As COVID-19 cases surge, Health Commissioner Dr. Thomas Farley braces residents for possibly the most dangerous period of the pandemic while expressing hope for a vaccine arrival by the end of the …
As COVID-19 cases surge, Health Commissioner Dr. Thomas Farley braces residents for possibly the most dangerous period of the pandemic while expressing hope for a vaccine arrival by the end of the year.
“The next couple months are going to be very difficult, but remember, we’ve come a very long way, and we’re close now to the finish line,” said Dr. Farley at last Thursday’s Covid-19 update press conference. “We’re just weeks away from starting to offer a vaccine.”
American pharmaceutical company Pfizer announced earlier this week that their vaccine was more than 95% effective. The Philadelphia Department of Health has been in close contact with the Centers for Disease Control and Prevention regarding vaccine arrival and distribution methods.
“[Pfizer] said that they would apply for their emergency use authorization within days, and we’ve heard that the amount of time that it’ll take for the FDA to review that application will be weeks — maybe three weeks, maybe four weeks,” said Dr. Farley. “That’s what takes us into mid-to-late December for the arrival of the vaccine.”
New safety restrictions went into place in the city Friday, November 20, at 5 p.m., including the prohibition of indoor dining and the closure of gyms, museums and libraries. The restrictions will remain in place for at least the next six weeks until January 1, 2021. A full list of the “Safer at Home” restrictions can be viewed here: phila.gov/saferathome.
The restrictions come as case counts in the city hit record highs and city leaders are concerned about clusters in congregate settings, and overwhelming hospitals.
“We are starting to see the severe outcomes that we worried the most about,” said Dr. Farley.
Last week, 71 cases were identified among nursing home residents, an increase from the weekly average of 10-15 cases that were reported for August and September. Dr. Farley called nursing home patients “particularly vulnerable” and said about half the deaths reported during the spring wave were nursing home residents.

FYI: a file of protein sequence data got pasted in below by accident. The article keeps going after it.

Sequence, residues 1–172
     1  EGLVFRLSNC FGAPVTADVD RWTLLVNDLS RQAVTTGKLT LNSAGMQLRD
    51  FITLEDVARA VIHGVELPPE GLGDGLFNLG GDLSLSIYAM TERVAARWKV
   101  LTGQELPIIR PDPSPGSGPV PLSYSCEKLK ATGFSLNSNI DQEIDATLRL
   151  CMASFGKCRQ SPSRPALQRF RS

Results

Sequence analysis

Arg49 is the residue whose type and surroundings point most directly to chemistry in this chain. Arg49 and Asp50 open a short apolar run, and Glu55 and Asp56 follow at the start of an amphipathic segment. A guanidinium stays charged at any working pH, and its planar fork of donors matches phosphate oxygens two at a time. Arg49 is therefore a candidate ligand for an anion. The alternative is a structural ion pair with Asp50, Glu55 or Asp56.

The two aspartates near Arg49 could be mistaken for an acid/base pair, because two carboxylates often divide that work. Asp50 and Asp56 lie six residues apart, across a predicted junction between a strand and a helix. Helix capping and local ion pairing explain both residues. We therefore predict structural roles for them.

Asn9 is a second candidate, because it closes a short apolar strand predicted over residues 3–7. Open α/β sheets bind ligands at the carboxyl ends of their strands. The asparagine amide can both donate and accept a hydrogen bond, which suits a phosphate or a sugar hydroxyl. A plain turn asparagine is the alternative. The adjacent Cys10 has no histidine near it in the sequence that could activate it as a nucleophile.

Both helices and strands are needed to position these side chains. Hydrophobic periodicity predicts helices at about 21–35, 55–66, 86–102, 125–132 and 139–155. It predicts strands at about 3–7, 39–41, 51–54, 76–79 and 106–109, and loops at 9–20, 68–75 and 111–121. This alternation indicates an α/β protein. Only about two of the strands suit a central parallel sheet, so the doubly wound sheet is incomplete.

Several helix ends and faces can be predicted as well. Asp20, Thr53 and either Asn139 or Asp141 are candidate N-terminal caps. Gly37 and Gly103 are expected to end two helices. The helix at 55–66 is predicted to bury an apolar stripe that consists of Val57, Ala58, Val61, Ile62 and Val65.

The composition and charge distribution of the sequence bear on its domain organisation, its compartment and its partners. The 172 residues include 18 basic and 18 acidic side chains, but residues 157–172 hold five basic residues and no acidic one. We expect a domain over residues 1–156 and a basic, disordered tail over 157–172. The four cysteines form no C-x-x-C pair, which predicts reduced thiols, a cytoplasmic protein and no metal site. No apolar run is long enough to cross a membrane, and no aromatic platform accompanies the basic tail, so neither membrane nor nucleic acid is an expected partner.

A cluster in the city’s jail was also identified, with one inmate who showed symptoms testing positive, and 25 others subsequently testing positive with no symptoms. According to Dr. Farley, the jail is working to contain the outbreak.
Hospitals in the Philadelphia area are currently well below capacity limits. As of Friday morning, 602 patients were hospitalized in city hospitals, with 60 of those patients on ventilators. During the spring wave of the pandemic, over 1,000 people were hospitalized in the city.
“We’re still concerned that the hospitals may come under strain if it gets beyond that thousand number,” said Dr. Farley.
In the state as a whole, 2,952 people were hospitalized as of Friday morning with COVID-19, exceeding the number reported during the peak of the spring wave. Along with Delaware and New Jersey, Pennsylvania is “consistently hitting all-time highs” with new cases of the virus, reporting over 7,000 cases on Thursday and over 6,000 on Friday.
In Philadelphia, there were 1,054 new cases of confirmed coronavirus reported on Friday morning, bringing the total since the beginning of the epidemic to 58,291. Seven new deaths were reported on Friday, bringing the total number of deaths to 1,952 among Philadelphia residents.
Dr. Farley cautioned residents to stay home for the holidays and to follow the safety recommendations, even with a possible vaccine in sight, saying that “if we act responsible now, we can save many lives until we get there.”